Law school upperclassmen are far more likely than their first-year counterparts to spend classroom time checking Facebook, playing solitaire, scanning sports scores or otherwise goofing around on their laptop computers, according to recent research.

Classroom observers found that among the 2Ls and 3Ls equipped with laptops, 87 percent used the devices for non-academic purposes for more than five minutes per class; 58 percent were distracted by their computer screens at least half the time.

By contrast, a mere 4 percent of the 1Ls observed during a civil-procedure course were "strongly distracted" by their computers, and 44 percent were never distracted.

The findings come from St. John’s University School of Law professor Jeff Sovern’s article in the latest edition University of Louisville Law Review: "Law Student Laptop Use During Class For Non-Class Purposes: Temptation v. Incentives."

"I was surprised and disappointed at how many upper-year students tune out," Sovern said. "Those arguing that law school should be only two years may find support in the findings that many upper year students are not engaged during doctrinal classes. But the study sheds no light on the value of small seminars or skills courses."

Sovern placed observers at the rear of six classrooms during fall 2010 to record when students were distracted by their laptops. The observers also noted what was happening in class at the time.

First-year students are well aware that their grades will affect their eligibility for law review and to land summer law firm jobs and other types of internships and career opportunities, Sovern wrote—all compelling reasons to pay attention.

"Upper-year students know all this and perhaps feel freer to ignore what is happening in the classroom, because they understand that their grades are less significant and the cost of not mastering the material is lower," the article reads.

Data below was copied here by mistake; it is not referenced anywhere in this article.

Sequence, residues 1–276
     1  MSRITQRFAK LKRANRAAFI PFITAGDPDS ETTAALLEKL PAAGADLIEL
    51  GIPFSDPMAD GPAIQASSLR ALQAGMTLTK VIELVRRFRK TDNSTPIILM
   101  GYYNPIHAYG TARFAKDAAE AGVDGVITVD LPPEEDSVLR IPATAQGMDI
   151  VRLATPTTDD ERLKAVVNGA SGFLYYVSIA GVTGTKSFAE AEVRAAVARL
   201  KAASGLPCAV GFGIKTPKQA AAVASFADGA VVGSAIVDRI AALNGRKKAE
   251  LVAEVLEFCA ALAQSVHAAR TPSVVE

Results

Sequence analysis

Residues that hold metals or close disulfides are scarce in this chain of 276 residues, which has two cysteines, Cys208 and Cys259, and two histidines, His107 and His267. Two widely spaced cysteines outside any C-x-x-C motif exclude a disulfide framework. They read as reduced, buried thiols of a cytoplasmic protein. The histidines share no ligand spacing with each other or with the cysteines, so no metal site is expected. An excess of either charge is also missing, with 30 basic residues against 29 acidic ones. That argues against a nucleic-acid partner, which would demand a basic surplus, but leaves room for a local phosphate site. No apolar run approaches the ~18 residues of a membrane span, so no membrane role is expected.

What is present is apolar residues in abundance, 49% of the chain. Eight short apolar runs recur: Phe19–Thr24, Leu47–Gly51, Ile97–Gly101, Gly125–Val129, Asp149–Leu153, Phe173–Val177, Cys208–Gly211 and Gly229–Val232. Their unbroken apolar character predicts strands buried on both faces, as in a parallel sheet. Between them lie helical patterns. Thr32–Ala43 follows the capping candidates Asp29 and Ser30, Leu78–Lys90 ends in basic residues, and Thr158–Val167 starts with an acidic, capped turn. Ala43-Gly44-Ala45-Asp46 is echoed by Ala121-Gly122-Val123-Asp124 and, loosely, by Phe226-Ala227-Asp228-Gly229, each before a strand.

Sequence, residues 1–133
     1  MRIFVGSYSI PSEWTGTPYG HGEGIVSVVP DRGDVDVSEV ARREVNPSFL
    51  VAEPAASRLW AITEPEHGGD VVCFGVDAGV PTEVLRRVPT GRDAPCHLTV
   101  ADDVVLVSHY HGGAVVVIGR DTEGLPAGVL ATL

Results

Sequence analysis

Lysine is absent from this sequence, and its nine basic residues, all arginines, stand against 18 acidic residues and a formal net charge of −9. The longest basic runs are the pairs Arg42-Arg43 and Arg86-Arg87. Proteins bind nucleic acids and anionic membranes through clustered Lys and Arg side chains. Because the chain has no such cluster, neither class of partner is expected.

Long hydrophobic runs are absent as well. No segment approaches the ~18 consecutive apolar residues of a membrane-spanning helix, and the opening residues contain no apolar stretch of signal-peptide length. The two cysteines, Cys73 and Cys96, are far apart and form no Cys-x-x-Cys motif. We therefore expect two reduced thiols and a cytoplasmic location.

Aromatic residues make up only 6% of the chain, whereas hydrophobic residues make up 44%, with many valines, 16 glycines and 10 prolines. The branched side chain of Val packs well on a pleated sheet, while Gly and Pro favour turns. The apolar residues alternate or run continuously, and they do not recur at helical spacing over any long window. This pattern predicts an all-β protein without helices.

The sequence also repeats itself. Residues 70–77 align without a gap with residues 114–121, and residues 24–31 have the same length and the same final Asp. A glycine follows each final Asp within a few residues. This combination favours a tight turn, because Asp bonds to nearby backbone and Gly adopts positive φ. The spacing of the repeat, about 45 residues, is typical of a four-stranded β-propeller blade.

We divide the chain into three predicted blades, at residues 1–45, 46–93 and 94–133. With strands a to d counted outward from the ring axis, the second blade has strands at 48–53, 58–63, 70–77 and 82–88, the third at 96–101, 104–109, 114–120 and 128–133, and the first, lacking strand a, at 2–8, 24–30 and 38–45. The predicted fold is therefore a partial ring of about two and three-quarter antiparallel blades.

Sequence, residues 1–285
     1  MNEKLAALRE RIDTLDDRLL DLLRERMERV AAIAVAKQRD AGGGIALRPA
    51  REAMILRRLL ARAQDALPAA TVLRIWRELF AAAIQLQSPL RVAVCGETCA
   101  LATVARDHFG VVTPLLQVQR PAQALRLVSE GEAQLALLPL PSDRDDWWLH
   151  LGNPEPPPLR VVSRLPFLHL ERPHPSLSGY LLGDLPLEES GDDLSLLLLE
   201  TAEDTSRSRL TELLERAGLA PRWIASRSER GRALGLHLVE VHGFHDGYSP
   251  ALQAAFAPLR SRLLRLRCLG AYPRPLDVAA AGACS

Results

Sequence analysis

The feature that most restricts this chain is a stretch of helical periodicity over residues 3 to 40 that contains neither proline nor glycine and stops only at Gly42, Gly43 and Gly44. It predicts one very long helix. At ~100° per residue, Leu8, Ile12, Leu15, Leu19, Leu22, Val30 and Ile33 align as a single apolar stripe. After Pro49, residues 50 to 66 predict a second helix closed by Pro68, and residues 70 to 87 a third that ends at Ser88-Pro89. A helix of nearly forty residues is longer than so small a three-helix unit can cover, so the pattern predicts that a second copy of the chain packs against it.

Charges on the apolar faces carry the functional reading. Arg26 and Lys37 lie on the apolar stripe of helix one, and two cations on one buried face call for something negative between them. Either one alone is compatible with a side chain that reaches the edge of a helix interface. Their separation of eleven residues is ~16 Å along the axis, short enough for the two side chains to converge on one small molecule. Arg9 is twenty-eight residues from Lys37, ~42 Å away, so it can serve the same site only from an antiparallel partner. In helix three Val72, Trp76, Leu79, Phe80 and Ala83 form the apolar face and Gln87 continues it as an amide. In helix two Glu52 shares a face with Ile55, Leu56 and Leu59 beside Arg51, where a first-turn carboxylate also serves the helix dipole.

Fresh law students also might be more excited to learn and interested in the classroom material than are 2Ls and 3Ls, who perhaps have grown bored, Sovern wrote.

The observers tried to determine whether the level of distractedness changed according to what was happening in class. They found that both 1Ls and upper-level students were most distracted when the professor was answering student questions—perhaps because students perceived that the material would not show up on any exams, Sovern theorized.

As a result, Sovern said, he now takes fewer student questions during class and has added extra sessions specifically to answer questions.

Students were also more likely to tune out during policy discussions.

All students tended to pay closer attention when the professor was stating a rule or reading from text, the observers found.

Sovern said he got interested in student laptop use after reading Malcolm Gladwell’s book, The Tipping Point: How Little Things Can Make a Big Difference, in which Sesame Street producers described testing show segments to ensure they would hold the interest of preschoolers.

"Though it is not flattering to law students to compare them with preschoolers, I thought that we could use the same basic idea of watching when law students tuned out to make law teaching more effective," he said.

His article acknowledges possible methodological problems, including the relatively narrow sample of students who were observed; the inability of observers to accurately record every student’s web surfing, to determine whether they were doing something related to class; and the fact that students might have caught on to why they were being watched.

But he wasn’t the first to look at how laptops affect instruction. A 2012 study conducted by a doctoral candidate at Saint Louis University found that 2Ls tended to be the worst offenders when it came to using their laptops for non-academic purposes in class, followed by 1Ls and 3Ls, respectively.

The year before that, Temple University James E. Beasley School of Law professor Kristen Murray published an article defending the use of laptops in the classroom, based largely on a survey of 1Ls who said that laptop use can enhance learning.

Sovern’s article stops short of calling for a universal ban on laptops in the classroom, but says that such a ban may be in order for upper-level classes.

Contact Karen Sloan at For more of The National Law Journal's law school coverage, visit: